Maybe IT needs to tone down its security awareness efforts. New research by psychologists into password strength delivered the non-intuitive conclusion that users who are well briefed on the severity of security threats will not, as IT had hoped, create stronger passwords to better protect themselves.
They actually tend to create much weaker passwords because the briefings make them feel helpless, as if any efforts to defend against these threats are pointless.
The research, from a Montclair State University study — detailed here in a story from The Atlantic — suggests that IT staffers need to make sure that they emphasize how powerful a defense passwords, PINs and secure phrases can be in defending against threats, at least until we are able to deploy better authenticators.
Prof. Stanislav Mamonov, who oversaw the study, said the results had been unexpected. “The reason, Mamonov thinks, has a lot to do with people’s perceptions of surveillance,” the Atlantic story said. “He guessed that study participants would have wanted to protect themselves against it. Instead, he says, the magnitude of the threat seems to have instilled a sense of helplessness that made them less likely to put an effort into securing themselves.”
This is just wacky enough to be true. It makes sense that, when users try to internalize things such as Yahoo’s half-billion users getting breached and a huge DDoS attack made via IoT devices, they might feel that no defense — at least nothing a user can do, such as choosing a password — is enough to defend against these attacks.
But that’s looking at it wrong. Yes, these huge attacks are, sadly, part of a normal IT day. Each user, though, only has to defend one person’s data. A complicated password — or an even longer, but memorizable, password phrase — can help, especially if the user never, ever uses the same password/phrase for more than one service.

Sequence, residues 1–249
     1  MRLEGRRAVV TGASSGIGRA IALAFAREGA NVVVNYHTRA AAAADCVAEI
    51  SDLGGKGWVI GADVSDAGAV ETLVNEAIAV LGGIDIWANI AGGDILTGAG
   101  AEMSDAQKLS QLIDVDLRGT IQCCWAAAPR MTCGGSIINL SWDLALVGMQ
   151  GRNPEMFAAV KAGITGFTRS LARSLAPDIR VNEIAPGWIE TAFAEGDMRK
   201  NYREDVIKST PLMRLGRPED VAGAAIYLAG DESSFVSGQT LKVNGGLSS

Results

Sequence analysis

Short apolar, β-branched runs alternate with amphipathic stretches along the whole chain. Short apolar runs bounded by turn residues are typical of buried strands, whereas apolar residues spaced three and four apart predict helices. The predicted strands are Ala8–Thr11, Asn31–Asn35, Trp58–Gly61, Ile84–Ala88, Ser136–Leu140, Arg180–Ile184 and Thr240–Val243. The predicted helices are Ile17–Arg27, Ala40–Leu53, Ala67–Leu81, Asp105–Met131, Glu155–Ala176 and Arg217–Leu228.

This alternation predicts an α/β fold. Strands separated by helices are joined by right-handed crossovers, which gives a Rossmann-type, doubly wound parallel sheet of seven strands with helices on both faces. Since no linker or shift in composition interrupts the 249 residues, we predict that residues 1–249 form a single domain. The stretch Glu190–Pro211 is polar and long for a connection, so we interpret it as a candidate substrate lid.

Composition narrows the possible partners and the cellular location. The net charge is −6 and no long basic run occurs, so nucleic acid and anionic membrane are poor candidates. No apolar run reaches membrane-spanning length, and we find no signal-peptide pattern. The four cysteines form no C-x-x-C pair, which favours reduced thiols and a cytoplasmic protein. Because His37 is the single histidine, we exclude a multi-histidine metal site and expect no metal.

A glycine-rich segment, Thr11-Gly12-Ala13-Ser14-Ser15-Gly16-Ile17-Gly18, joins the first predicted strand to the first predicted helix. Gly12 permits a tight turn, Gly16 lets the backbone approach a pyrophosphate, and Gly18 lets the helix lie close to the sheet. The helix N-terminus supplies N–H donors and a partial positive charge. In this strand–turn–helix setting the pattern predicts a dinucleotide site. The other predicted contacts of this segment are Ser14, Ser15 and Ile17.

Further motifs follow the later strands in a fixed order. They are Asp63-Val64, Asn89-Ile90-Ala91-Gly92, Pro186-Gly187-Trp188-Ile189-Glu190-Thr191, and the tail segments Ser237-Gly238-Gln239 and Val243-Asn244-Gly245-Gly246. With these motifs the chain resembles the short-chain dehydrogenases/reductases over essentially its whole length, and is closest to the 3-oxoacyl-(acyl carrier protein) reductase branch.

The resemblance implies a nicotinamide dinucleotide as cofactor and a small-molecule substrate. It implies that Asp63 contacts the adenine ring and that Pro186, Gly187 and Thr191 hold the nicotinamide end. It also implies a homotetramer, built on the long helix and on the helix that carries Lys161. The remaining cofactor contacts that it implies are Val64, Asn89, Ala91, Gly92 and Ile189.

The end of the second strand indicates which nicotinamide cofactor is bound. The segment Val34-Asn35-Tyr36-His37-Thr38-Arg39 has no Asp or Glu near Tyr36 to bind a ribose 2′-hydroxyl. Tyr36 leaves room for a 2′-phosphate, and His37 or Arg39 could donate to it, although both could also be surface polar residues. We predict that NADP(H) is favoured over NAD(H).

Users who want to keep their own data safe might think of the use of truly strong passwords as something like that old shark defense: When swimming in shark-invested waters, use the buddy system — if a shark attacks, give him your buddy.
In other words, your password only has to be stronger than those of your colleagues. Attackers will spend only so much time on any one account. At a certain point, it’s no longer cost-effective, so they’ll move on to another. The secret is to make sure that the time it takes to crack your credentials is more than the thief can justify. This works as long as most of your colleagues use easy passwords.
Another analogy is the two friends who find themselves being pursued by a tiger. The first guy starts running fast. “What are you doing?” the first friend asks. “You can’t outrun a tiger.” The reply: “I don’t have to outrun the tiger. I merely have to outrun you.”
Your password doesn’t have to be beyond the capabilities of the cyberthief. It simply needs to be better than most of your colleagues’ passwords.
This story, "Your users have porous passwords? Blame yourself, IT." was originally published by Computerworld.